View Full Version : Why Linear Time "Flow" insists that the universe must be finite?

Alan McDougall
07-12-2016, 02:50 AM
Why Linear Time "Flow" makes it impossible for the universe to be eternal?

It goes something like this in a hypothetical eternal universe the "Start" point of time would be pushed back into the infinite past which would mean the arrow of time could never reach the present a real paradox.

Like the original photon of light or moment of time, which flow or speed are both finite, being pushed back into the eternal past. With the result of time never reaching the present, meaning the part of the universe we exist in, (namely our solar system) could never have come into existence

Without a beginning of time, there would be no zero entropic states because entropy could not increase because it can only increase in conjunction with the arrow of time "shooting" from the present into the future (in fact, entropy would not/could not be a fundamental reality in an eternal universe)

What I am trying to convey if there were a hypothetical universe eternal universe in which the arrow of time moves from the past to the present into the eternal future, in a linear way like it does in our universe, we have a paradox?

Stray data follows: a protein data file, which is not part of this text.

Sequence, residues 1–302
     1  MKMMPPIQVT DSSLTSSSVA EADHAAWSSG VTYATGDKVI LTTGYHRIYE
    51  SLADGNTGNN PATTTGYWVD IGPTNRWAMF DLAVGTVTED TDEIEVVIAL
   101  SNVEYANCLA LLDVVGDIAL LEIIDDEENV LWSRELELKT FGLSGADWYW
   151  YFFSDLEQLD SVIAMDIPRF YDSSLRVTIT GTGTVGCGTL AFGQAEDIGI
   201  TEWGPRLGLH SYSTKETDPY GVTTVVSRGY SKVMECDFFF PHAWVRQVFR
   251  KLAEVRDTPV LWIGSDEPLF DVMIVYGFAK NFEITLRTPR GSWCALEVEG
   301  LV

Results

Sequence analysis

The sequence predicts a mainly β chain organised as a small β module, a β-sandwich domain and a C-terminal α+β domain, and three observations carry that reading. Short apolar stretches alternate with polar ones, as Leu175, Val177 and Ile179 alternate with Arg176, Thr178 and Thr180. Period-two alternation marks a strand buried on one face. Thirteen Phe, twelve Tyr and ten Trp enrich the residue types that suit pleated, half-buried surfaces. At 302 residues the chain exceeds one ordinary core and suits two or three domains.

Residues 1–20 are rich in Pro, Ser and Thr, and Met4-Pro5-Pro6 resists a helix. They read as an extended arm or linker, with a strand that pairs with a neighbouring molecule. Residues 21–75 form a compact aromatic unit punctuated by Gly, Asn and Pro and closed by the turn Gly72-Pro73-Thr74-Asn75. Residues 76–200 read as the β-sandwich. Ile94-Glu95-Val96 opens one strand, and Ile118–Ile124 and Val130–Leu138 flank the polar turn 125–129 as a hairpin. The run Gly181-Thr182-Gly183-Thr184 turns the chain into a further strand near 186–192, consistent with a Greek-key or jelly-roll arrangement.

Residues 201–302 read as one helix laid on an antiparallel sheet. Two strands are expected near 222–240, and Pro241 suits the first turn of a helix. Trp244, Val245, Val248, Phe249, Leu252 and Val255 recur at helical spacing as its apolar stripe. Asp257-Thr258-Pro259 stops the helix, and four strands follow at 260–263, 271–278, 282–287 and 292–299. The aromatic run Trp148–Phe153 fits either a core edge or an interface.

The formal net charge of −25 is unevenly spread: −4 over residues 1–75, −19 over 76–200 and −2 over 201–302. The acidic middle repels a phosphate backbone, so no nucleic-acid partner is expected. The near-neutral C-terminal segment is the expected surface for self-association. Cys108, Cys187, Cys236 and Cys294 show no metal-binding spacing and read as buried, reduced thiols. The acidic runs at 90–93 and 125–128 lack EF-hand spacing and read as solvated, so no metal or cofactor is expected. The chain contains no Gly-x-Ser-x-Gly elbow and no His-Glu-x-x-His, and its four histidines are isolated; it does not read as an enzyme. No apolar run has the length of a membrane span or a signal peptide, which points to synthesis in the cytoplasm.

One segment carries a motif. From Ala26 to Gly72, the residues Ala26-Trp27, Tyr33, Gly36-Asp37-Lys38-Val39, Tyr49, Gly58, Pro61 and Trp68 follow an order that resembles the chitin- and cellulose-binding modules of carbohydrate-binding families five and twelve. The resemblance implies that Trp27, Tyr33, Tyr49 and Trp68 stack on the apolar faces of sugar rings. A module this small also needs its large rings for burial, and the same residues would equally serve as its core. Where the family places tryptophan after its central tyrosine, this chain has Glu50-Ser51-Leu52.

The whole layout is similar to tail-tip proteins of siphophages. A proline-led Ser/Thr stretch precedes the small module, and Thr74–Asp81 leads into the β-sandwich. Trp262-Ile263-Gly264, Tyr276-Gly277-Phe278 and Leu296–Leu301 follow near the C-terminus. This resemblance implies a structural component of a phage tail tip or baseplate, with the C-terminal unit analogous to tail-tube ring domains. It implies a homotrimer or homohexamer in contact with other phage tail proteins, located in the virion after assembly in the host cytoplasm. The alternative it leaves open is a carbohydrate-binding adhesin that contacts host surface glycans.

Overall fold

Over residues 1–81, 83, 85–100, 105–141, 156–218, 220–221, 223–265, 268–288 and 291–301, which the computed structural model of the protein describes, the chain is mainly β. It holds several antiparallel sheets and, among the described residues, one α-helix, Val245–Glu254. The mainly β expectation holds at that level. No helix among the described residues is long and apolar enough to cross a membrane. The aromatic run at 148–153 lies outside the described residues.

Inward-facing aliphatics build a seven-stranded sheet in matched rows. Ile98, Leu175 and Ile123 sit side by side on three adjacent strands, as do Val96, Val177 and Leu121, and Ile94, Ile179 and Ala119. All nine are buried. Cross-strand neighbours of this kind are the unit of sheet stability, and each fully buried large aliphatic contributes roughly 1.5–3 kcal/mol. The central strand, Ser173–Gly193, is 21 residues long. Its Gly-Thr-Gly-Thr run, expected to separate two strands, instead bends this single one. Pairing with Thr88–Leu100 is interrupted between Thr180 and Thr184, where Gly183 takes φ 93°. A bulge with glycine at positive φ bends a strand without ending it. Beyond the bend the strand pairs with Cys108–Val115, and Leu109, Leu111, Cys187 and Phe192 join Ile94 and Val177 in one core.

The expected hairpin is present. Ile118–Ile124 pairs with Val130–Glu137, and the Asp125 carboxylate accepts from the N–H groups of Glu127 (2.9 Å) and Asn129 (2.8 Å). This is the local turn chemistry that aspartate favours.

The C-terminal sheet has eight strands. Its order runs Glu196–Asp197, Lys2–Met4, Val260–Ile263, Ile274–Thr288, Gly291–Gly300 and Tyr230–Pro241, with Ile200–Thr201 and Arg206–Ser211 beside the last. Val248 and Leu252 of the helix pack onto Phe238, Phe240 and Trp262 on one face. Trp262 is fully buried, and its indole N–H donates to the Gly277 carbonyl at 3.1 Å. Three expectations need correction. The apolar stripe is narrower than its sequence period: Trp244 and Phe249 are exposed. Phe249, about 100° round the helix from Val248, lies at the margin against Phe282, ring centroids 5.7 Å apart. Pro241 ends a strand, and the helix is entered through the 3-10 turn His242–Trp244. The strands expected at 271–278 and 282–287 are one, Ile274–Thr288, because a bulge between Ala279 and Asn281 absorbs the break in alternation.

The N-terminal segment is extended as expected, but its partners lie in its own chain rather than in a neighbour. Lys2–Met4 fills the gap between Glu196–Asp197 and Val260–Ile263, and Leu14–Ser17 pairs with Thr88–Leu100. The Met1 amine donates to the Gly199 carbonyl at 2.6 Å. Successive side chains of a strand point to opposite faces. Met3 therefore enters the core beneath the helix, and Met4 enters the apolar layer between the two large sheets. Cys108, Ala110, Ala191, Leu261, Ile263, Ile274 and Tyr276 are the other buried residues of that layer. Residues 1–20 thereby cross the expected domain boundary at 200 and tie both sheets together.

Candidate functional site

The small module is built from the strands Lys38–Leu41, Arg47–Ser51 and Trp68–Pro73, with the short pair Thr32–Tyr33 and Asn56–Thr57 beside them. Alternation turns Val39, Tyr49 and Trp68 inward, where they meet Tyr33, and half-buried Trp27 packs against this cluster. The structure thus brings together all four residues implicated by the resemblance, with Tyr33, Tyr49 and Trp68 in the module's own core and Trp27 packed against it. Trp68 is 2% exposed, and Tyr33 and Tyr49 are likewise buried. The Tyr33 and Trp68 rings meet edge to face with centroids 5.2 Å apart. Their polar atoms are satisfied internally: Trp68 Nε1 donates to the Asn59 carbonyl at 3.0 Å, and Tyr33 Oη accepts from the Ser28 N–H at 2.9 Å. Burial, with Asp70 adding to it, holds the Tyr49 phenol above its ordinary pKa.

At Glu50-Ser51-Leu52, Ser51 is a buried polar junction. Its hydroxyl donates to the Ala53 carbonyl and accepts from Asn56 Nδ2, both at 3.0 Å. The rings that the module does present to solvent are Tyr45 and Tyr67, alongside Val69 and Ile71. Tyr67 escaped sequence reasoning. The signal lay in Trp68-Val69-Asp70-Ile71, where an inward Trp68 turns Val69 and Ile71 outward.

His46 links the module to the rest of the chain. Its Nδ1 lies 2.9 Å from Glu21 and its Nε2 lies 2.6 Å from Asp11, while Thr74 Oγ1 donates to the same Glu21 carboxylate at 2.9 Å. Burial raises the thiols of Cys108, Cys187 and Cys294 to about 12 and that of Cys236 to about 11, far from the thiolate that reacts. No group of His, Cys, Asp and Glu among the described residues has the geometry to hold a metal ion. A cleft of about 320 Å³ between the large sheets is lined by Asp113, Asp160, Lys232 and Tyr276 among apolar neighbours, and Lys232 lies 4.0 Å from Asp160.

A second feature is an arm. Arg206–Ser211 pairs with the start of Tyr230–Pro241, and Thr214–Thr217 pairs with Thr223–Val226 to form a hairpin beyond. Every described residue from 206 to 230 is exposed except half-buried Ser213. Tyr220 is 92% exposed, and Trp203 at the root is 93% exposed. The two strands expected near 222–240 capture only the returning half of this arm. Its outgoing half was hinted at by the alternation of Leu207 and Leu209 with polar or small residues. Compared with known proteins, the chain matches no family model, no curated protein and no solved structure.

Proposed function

<<No beginning <<<.Time......<.Past Eternity<...............<Time> future > infinite gap "Never Reach now" > ?


The arrow of time would never have a point in time or a beginning and the arrow of time would never have reached us in the present meaning, we would not exist.

Like Usain Bolt, he waits for the start gun but finds he is receding infinitely backward into the past eternity, meaning no matter how hard he tries he will never get to the finish line, which is the present that the audience is waiting for him to appear and break to tape. We are the audience and will wait forever but Usain will never break the finish line tape

Time equates to Usain Bolt and our existence equates to our "Now" which leaves us with a paradox or oxymoron meaning we exist but we can not exist?

In fact, I think it is more of a philosophical question than a scientific one, but I know I am not the only one who have postulated this question, in a science debate

I have a headache guys correct me if my logic is wrong I am a mere mortal!

Allahu Akbar




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07-12-2016, 04:33 AM
Welcome to the forum..

Two seriously hypothetical posts you have put out..

Isn't time 'relative'? It has been discovered thay as to travel faster time slows down? So time for different people travelling at different speeds are slightly different..

Besides, I feel time has only really taken a real significance on human life due to the need to plan and organise activities of life (preparing for winter for example)..

Over generations, the importance of time management became more and more pertinent.. but the concept is still very much human as we face death (meaning end of our time here on earth) but is it compatible with measuring it on a universal scale?

All these are well beyond my realm of understanding..

Wishing you a great stay.


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